The prevalence of algorithmic recommendations has raised public concern about undesired societal effects. A central threat is the risk of polarization, which is difficult to conceptualize and to measure, making it difficult to assess the role of Recommender Systems in this phenomenon. These difficulties have yielded two types of analyses: 1) purely topological approaches that study how recommenders isolate or connect types of nodes in a graph, and 2) spatial opinion approaches that study how recommenders change the distribution of users on a given opinion scale. The former analyses prove inad- equate in settings where users are not classified into categorical types (e.g., in two-party systems with binary social divides), while the latter rely on synthetic data due to the unobservability of opin- ions. To overcome both difficulties we present the first analysis of friend recommendations acting on real-world sub-graphs of the Twitter network where users are embedded in multidimensional ideological spaces and in which dimensions are indicators of atti- tudes towards issues in the public debate. We present a polarization metric adapted to these dual topological and spatial states of social network, and use it to track both the evolution of polarization on Twitter networks where the graph evolves following well-known Recommender Systems, and opinions co-evolve following a De- Groot opinion model. We show that different recommendation principles can sometimes drive or mitigate polarization appearing in real social networks.

This study provides a large-scale mapping of the French media space using digital methods to estimate political polarization and to study information circuits. We collect data about the production and circulation of online news stories in France over the course of one year, adopting a multi-layer perspective on the media ecosystem. We source our data from websites, Twitter and Facebook. We also identify a certain number of important structural features. A stochastic block model of the hyperlinks structure shows the systematic rejection of counter-informational press in a separate cluster which hardly receives any attention from the mainstream media. Counter-informational sub-spaces are also peripheral on the consumption side. We measure their respective audiences on Twitter and Facebook and do not observe a large discrepancy between both social networks, with counter-information space, far right and far left media gathering limited audiences. Finally, we also measure the ideological distribution of news stories using Twitter data, which also suggests that the French media landscape is quite balanced. We therefore conclude that the French media ecosystem does not suffer from the same level of polarization as the US media ecosystem. The comparison with the American situation also allows us to consolidate a result from studies on disinformation: the polarization of the journalistic space and the circulation of fake news are phenomena that only become more widespread when dominant and influential actors in the political or journalistic space spread topics and dubious content originally circulating in the fringe of the information space.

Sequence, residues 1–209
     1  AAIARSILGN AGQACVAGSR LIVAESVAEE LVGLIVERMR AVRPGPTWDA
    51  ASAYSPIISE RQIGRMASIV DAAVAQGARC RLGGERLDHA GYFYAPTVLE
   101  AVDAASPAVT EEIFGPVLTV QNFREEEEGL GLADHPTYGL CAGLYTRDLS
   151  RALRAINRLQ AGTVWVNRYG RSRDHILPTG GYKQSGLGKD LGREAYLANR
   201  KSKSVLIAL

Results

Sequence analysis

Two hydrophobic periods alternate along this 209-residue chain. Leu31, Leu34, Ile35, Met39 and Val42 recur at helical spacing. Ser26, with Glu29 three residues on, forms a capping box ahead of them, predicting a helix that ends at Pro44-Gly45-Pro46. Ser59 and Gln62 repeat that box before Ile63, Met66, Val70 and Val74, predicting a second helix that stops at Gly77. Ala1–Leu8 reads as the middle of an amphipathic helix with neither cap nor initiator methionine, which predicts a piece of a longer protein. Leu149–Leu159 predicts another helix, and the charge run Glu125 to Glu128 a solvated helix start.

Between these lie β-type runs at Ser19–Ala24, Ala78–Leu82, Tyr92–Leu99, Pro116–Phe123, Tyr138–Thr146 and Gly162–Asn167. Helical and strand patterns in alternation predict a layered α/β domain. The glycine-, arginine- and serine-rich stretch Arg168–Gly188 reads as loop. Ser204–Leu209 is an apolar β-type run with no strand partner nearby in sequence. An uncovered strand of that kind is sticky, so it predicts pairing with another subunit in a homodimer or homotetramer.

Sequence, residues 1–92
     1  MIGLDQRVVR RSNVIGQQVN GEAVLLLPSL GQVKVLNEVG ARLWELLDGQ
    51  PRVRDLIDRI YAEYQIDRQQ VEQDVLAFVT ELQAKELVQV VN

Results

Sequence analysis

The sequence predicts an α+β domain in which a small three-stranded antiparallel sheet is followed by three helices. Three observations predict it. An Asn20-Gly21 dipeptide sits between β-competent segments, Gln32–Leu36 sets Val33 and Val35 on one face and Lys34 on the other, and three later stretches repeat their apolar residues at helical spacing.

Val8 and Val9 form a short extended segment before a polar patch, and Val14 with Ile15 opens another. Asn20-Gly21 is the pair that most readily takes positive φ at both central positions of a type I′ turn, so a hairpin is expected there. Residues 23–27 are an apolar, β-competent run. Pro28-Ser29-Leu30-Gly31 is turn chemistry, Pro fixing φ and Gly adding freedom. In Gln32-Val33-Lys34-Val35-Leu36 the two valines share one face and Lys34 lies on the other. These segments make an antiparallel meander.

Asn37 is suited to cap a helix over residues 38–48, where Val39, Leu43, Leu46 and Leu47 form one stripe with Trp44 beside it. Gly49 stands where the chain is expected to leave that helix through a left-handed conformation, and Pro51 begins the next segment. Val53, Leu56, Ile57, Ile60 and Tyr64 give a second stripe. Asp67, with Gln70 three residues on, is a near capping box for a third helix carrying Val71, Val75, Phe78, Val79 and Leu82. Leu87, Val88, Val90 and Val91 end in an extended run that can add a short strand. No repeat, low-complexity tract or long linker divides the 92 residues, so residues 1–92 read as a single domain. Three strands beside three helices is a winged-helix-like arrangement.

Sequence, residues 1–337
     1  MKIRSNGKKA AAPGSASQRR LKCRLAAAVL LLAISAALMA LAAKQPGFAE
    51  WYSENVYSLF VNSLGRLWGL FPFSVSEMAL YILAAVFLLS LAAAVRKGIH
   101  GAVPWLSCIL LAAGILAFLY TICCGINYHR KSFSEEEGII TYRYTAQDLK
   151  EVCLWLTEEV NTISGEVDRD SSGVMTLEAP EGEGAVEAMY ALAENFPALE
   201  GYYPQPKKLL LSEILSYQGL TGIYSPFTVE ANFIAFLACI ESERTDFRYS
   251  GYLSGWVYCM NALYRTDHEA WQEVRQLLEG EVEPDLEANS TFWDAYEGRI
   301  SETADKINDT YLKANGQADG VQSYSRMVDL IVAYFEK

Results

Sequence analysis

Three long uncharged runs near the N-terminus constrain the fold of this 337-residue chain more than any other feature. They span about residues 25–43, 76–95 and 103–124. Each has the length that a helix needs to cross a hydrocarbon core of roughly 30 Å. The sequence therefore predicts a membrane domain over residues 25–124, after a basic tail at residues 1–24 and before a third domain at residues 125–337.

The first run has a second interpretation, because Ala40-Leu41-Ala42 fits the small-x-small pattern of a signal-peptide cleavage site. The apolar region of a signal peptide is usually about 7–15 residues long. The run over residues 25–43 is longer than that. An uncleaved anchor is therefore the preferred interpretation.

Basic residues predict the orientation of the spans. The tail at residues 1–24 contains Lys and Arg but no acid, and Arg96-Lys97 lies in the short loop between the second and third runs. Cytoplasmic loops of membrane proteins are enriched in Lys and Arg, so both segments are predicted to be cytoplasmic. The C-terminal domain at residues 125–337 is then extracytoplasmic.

Traditionally, the opinion of people on different issues of public debate has been studied through polls and surveys. Recent advancements in network ideological scaling methods, however, have shown that digital behavioral traces in social media platforms can be used to mine opinions at a massive scale. Yet this has been shown to work in the US for one-dimensional opinion scales, best suited for two-party systems and binary social divides. In this article, we use multidimensional ideological scaling together with referential attitudinal data for some nodes. We show that opinions can be mined in a multitude of issues from social networks, embedding them in ideological spaces where dimensions stand for indicators of positive and negative opinions towards issues of public debate. This method does not require text analysis and is thus language independent. We illustrate this approach on the Twitter follower network of French users leveraging political survey data.

in 2020 IEEE/ACM International Conference on Advances in Social Networks Analysis and Mining (ASONAM) Publication date 2020-12
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Multidimensional scaling in networks allows for the discovery of latent information about their structure by embedding nodes in some feature space. Ideological scaling for users in social networks such as Twitter is an example, but similar settings can include diverse applications in other networks and even media platforms or e-commerce. A growing literature of ideology scaling methods in social networks restricts the scaling procedure to nodes that provide interpretability of the feature space: on Twitter, it is common to consider the sub-network of parliamentarians and their followers. This allows to interpret inferred latent features as indices for ideology-related concepts inspecting the position of members of parliament. While effective in inferring meaningful features, this is generally restrained to these sub-networks, limiting interesting applications such as country-wide measurement of polarization and its evolution. We propose two methods to propagate ideological features beyond these sub-networks: one based on homophily (linked users have similar ideology), and the other on structural similarity (nodes with similar neighborhoods have similar ideologies). In our methods, we leverage the concept of neighborhood ideological coherence as a parameter for propagation. Using Twitter data, we produce an ideological scaling for 370K users, and analyze the two families of propagation methods on a population of 6.5M users. We find that, when coherence is considered, the ideology of a user is better estimated from those with similar neighborhoods, than from their immediate neighbors.